On 16 July 2001, Dmitry Sklyarov, a Russian citizen employed by ElcomSoft, was arrested by federal agents in Las Vegas, Nevada. His crime: Violation of the anti-circumvention clauses of the DMCA by exposing major security flaws in Adobe PDF and eBook software during a presentation he made at the DefCon 9 conference. He was detained in a US federal prison, but is now free on bail.

2002/12/17: Elcomsoft has been found NOT GUILTY of DMCA violations.

Source: http://www.boycottadobe.com http://www.elcomsoft.com

One important fact not mentioned above: Sklyarov's employer, Elcomsoft, was in the business of selling a program which cracked Adobe's e-Book encryption. Of course, some of this encryption is really quite silly. One of the vendors that sells e-Books uses ROT13, which is about the level of encryption they teach fifth-graders. See also Netscape 3.

Giving a lecture about how to crack copy protection at DefCon is really not the smoothest move you can make. First, the place is crawling with feds. There's even a contest to see who can spot them! Second, all lectures, including who is giving them and what they are about, are announced at the DefCon website weeks in advance. Third, as if the first two reasons weren't deterrent enough, his corporation pissed off a much larger corporation and then ignored its attempts at communication... at a time when the judicial branch is just raring to run the DMCA through a few high-profile test cases! Hello?!? Bueller?!?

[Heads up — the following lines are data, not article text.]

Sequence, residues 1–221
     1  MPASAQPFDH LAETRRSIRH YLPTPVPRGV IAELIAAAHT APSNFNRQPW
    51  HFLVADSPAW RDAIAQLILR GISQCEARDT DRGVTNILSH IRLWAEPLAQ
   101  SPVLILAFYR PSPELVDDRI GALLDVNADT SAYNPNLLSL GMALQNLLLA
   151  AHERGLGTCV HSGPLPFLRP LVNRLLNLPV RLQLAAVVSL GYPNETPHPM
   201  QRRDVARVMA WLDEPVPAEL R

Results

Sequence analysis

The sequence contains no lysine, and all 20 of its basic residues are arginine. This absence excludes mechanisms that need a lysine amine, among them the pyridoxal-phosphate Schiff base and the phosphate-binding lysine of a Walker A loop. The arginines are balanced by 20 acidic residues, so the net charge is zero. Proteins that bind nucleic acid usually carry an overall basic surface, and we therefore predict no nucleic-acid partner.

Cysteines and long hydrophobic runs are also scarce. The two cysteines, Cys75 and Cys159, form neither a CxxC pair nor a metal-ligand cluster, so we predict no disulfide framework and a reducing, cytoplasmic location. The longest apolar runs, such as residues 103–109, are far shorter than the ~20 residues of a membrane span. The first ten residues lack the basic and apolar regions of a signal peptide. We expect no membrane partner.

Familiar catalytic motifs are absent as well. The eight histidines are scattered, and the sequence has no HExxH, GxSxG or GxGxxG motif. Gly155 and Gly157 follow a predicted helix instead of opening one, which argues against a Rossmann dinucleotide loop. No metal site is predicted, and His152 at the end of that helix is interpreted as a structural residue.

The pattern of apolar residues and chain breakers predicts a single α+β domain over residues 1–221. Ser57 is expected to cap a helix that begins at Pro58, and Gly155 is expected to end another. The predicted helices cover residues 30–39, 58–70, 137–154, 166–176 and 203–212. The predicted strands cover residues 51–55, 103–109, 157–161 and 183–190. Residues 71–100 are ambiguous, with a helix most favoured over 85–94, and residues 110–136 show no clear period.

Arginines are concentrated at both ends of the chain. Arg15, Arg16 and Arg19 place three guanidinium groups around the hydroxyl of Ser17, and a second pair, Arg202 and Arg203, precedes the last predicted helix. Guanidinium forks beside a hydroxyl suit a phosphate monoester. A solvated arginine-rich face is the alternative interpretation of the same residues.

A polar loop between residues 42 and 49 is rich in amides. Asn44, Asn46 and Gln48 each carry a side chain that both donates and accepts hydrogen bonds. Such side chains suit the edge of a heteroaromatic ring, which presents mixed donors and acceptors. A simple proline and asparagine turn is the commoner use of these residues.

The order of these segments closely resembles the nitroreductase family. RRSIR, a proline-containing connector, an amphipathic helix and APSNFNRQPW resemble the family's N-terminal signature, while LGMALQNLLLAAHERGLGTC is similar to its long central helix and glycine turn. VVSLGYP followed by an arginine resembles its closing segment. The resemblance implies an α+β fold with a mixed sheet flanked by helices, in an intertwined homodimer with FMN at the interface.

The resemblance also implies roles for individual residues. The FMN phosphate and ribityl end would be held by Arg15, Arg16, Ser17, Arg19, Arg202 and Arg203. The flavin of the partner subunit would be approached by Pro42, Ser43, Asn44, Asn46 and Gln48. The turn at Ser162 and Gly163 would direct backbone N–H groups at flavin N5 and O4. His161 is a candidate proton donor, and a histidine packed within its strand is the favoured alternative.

That said, here's some more information: Adobe has withdrawn their support of the criminal prosecution of Sklyarov. The feds may have a hard time putting him away for something his corporation did, especially without an actual plaintiff.

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